Hundreds of Northwest Colorado educators participate in development day
Steamboat Springs — Thousands of students from school districts across Northwest Colorado had Friday off but not their teachers.
Nearly 700 educators from seven school districts took part in the second Northwest Colorado Board of Cooperative Educational Services professional development day Friday at Steamboat Springs High School.
With help from co-coordinators Julie Dalke and Jane Toothaker, the BOCES professional development committee set up about 70 breakout sessions for educators and administrators from Hayden, South Routt, West Grand, East Grand, North Park, Steamboat and Moffat County. The sessions covered a variety of subjects from assessments in physical education to educator effectiveness.
Each session was led by teachers, administrators and, for the first time, Colorado Department of Education representatives. Operating under the 2013 theme “Collaboration, Literacy and Educator Effectiveness,” participating teachers were given the chance to learn new teaching strategies, better understand current state initiatives and collaborate with one another.
“They get to interact with teachers from other districts that they might not see,” Toothaker said. “They learn from each other, and the issues are all the same in the districts. They aren’t that much different, but maybe they can do something to help each other.”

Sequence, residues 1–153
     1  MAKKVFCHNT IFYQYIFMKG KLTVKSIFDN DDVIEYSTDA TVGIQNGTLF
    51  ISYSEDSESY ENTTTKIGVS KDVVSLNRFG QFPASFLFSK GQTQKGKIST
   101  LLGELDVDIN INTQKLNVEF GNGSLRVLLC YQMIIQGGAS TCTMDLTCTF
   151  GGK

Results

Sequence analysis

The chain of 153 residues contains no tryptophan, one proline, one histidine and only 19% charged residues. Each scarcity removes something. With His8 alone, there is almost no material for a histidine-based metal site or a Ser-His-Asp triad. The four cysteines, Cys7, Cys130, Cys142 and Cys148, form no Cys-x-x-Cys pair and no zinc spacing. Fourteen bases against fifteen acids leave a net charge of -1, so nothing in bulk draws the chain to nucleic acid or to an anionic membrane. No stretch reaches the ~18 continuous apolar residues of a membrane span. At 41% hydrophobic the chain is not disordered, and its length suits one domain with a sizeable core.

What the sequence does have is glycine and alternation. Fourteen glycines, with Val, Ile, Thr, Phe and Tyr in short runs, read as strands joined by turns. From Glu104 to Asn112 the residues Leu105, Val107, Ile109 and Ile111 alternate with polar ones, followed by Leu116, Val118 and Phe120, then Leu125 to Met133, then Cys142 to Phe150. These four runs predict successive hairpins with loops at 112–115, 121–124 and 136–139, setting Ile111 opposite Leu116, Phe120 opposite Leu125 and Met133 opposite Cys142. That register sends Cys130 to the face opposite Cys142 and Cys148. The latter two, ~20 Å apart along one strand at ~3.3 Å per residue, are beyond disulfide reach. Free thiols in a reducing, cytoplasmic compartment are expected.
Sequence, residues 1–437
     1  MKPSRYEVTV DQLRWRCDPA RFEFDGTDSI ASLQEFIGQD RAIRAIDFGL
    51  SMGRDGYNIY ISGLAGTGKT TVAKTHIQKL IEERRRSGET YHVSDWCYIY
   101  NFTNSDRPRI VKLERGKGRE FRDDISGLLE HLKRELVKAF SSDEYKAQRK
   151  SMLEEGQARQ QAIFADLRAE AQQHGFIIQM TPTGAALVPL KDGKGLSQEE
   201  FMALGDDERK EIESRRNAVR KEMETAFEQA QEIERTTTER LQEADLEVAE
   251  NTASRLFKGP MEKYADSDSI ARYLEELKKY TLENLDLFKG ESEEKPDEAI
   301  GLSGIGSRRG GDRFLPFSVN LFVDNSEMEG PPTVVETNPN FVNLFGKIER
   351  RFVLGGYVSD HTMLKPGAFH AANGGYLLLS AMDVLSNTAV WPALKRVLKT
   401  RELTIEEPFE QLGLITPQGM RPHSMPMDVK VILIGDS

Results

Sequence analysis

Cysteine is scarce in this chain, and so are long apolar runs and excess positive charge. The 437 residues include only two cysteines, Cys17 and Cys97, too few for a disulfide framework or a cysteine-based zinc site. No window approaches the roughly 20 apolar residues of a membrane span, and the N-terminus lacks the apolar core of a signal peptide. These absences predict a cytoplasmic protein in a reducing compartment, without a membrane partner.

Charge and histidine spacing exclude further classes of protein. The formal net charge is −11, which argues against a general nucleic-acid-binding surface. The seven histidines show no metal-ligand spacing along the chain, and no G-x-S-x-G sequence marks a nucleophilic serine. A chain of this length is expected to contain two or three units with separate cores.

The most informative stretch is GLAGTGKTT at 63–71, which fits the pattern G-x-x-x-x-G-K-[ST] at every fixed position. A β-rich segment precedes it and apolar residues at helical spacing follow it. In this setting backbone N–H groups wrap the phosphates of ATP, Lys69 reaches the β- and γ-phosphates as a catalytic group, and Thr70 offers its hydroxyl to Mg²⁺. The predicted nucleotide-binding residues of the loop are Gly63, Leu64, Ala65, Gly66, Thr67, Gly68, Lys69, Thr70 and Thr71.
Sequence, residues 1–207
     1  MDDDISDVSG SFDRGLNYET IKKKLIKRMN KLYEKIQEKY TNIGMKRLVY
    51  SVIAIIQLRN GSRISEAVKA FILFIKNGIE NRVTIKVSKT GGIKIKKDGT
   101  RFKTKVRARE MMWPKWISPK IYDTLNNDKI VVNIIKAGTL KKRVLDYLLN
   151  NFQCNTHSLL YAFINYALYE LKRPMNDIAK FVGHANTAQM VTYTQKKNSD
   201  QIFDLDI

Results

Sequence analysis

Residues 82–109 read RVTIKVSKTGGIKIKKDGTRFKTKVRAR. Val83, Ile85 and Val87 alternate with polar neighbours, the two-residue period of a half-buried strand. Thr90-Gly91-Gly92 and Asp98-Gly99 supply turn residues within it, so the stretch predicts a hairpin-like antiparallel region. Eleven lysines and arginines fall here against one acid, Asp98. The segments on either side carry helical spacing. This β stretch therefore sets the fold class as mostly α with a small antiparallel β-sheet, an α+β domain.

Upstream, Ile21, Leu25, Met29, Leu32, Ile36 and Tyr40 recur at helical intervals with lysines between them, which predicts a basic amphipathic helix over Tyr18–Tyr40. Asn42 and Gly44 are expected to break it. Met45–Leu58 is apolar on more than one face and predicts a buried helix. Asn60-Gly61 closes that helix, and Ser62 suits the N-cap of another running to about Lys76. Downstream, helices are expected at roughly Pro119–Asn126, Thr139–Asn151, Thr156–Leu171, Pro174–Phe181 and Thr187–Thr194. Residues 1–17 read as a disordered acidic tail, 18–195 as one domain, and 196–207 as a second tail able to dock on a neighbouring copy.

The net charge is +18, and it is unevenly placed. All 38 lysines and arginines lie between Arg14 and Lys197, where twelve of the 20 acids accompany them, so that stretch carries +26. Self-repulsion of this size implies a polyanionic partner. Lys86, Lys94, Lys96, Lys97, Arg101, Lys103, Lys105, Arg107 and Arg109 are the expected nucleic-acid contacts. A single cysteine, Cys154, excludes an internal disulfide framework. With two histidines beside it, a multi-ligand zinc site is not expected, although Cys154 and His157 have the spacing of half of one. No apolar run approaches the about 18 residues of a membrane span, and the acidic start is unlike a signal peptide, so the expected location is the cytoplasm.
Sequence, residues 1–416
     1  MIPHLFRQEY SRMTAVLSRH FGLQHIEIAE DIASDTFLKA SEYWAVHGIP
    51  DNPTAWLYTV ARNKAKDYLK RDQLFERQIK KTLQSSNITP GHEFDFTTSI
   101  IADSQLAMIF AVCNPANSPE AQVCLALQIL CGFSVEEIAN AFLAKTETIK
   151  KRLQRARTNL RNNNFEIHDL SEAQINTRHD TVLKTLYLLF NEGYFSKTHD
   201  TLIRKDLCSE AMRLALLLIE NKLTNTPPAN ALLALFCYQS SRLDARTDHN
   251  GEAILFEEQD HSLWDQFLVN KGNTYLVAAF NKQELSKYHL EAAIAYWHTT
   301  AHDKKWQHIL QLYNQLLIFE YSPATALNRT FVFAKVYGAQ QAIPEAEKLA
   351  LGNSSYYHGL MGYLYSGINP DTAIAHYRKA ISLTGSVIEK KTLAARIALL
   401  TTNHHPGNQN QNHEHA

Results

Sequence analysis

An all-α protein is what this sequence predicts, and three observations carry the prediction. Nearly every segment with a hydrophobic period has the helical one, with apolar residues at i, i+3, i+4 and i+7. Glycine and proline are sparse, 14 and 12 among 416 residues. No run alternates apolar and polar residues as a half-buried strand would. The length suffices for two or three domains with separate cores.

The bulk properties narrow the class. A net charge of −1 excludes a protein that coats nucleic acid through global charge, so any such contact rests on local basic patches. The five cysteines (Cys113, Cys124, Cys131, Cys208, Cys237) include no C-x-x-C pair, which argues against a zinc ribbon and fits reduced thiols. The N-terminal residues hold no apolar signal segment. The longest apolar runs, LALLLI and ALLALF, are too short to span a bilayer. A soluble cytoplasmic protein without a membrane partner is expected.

Last year marked the first time BOCES assembled the event, and some noticeable changes were made. All six member districts were present in 2012, but this year Moffat County School District — a BOCES associate — also registered. Almost 300 more teachers took part this year.
New BOCES Executive Director Amy Bollinger said the roughly $45,000 budget for the development day came from a state-funded professional development grant.
“Some of these districts may have one section, like one first-grade teacher or one math teacher,” Steamboat Springs School District Superintendent Brad Meeks said. “But when you come here, now you’re going to sit down with a group of people, and that sharing is refreshing. Now you have somebody you can bounce things off of and get ideas.”
Meeks added that a critical element for the educators throughout the day was understanding state education initiatives, especially with Department of Education officials on hand to help.
Of the 20 BOCES groups across the state, the Northwest Colorado cooperative is the only one to host an event of this size and spectrum. In just two years, it has grown rapidly in popularity. Bollinger said a few of the sessions on the READ Act, English language literacy and physical education filled up in a matter of minutes when registration opened last month.
Perhaps the most popular item on Friday’s agenda was the closing collaboration, during which participants were divided into groups by grade level or curriculum type to bounce ideas off one another.
“I was excited for this afternoon,” Ridgeview Elementary School teacher Jennifer Stagner said. “We get to collaborate with other second-grade teachers from all over. You can always learn something.”
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